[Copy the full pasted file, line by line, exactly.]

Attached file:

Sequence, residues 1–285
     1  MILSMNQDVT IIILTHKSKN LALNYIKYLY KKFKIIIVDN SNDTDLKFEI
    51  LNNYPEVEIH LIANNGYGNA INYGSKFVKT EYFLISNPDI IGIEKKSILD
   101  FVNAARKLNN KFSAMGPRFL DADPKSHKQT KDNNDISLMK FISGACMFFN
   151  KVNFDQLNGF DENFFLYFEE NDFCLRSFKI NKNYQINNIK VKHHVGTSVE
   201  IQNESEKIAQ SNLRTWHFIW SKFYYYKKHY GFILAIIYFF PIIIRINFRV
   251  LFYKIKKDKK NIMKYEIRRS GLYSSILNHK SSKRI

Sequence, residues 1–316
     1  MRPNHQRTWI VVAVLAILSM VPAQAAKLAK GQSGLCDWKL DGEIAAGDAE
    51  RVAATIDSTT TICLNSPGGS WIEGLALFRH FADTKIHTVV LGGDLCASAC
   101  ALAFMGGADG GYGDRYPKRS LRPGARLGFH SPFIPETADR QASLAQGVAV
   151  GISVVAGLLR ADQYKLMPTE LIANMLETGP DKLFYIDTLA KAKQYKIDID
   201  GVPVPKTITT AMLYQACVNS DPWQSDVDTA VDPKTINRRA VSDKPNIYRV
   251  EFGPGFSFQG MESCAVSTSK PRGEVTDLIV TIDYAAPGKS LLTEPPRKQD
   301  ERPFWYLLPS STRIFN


Sequence, residues 1–285
     1  MILSMNQDVT IIILTHKSKN LALNYIKYLY KKFKIIIVDN SNDTDLKFEI
    51  LNNYPEVEIH LIANNGYGNA INYGSKFVKT EYFLISNPDI IGIEKKSILD
   101  FVNAARKLNN KFSAMGPRFL DADPKSHKQT KDNNDISLMK FISGACMFFN
   151  KVNFDQLNGF DENFFLYFEE NDFCLRSFKI NKNYQINNIK VKHHVGTSVE
   201  IQNESEKIAQ SNLRTWHFIW SKFYYYKKHY GFILAIIYFF PIIIRINFRV
   251  LFYKIKKDKK NIMKYEIRRS GLYSSILNHK SSKRI

Sequence, residues 1–316
     1  MRPNHQRTWI VVAVLAILSM VPAQAAKLAK GQSGLCDWKL DGEIAAGDAE
    51  RVAATIDSTT TICLNSPGGS WIEGLALFRH FADTKIHTVV LGGDLCASAC
   101  ALAFMGGADG GYGDRYPKRS LRPGARLGFH SPFIPETADR QASLAQGVAV
   151  GISVVAGLLR ADQYKLMPTE LIANMLETGP DKLFYIDTLA KAKQYKIDID
   201  GVPVPKTITT AMLYQACVNS DPWQSDVDTA VDPKTINRRA VSDKPNIYRV
   251  EFGPGFSFQG MESCAVSTSK PRGEVTDLIV TIDYAAPGKS LLTEPPRKQD
   301  ERPFWYLLPS STRIFN